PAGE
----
Intuit is playing the web services game that Microsoft is talking

Microsoft has been talking about a desktop-plus-web strategy for years, while Intuit has been quietly doing it.

Matt Asay Contributing Writer
Matt Asay is a veteran technology columnist who has written for CNET, ReadWrite, and other tech media. Asay has also held a variety of executive roles with leading mobile and big data software companies.
Matt Asay

I really liked this post by Larry Dignan over at ZDNet. Though I believe Microsoft is showing less of its web services hand than it is holding, Larry brings up a good point: Microsoft has been talking about a connected desktop-plus-web world for many years, while Intuit has been quietly demonstrating how it's done:

In this vision, Microsoft takes its applications, hooks them up with Web services, creates a competitive advantage and layers in advertising. Intuit's spin on this plan is "connected services." The big difference: Intuit is delivering without getting caught up in advertising. Microsoft is getting around to it. Is the comparison fair? Yes. Intuit is clearly more focused and Microsoft is much larger. But the playbook is the same. It's all in the execution.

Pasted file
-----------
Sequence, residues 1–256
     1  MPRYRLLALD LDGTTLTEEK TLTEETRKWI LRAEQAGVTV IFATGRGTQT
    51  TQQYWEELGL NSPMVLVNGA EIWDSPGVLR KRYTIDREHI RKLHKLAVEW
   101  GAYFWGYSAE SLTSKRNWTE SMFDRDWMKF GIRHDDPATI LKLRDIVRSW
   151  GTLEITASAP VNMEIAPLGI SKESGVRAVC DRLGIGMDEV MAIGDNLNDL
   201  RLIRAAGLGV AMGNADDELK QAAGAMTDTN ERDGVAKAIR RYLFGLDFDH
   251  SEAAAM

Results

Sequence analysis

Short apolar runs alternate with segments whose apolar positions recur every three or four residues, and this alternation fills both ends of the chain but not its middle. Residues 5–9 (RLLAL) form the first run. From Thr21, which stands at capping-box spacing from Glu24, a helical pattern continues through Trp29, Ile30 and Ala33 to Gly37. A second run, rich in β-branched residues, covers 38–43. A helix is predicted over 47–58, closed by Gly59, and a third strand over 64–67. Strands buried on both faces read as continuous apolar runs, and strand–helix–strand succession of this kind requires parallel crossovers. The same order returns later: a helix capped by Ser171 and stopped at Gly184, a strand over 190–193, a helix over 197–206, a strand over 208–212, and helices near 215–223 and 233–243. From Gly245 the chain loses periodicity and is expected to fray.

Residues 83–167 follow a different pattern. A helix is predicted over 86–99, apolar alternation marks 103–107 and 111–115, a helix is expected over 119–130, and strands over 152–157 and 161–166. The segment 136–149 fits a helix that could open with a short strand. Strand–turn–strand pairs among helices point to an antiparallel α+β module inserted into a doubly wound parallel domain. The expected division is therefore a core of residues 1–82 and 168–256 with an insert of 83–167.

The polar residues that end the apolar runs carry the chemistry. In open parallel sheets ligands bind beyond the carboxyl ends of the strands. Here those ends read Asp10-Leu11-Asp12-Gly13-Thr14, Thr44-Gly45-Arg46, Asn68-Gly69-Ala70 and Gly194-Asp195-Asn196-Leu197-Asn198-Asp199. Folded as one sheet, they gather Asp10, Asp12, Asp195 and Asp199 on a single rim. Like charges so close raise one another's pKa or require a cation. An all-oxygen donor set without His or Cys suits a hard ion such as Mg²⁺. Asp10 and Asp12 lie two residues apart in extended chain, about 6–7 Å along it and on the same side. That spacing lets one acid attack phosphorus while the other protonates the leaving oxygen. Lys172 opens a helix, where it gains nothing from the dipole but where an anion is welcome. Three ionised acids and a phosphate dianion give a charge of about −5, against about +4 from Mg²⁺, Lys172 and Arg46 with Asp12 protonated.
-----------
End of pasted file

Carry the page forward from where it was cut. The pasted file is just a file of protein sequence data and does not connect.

Intuit has the same desktop legacy to overcome, and yet it is running circles around Microsoft in web services momentum. It has aggressively moved to the web, while still holding its place firmly on the desktop.

This is a matter of will, not a matter of strategy. Microsoft has the same strategy in mind. It just hasn't demonstrated the will to truly connect the web to its dominant desktop.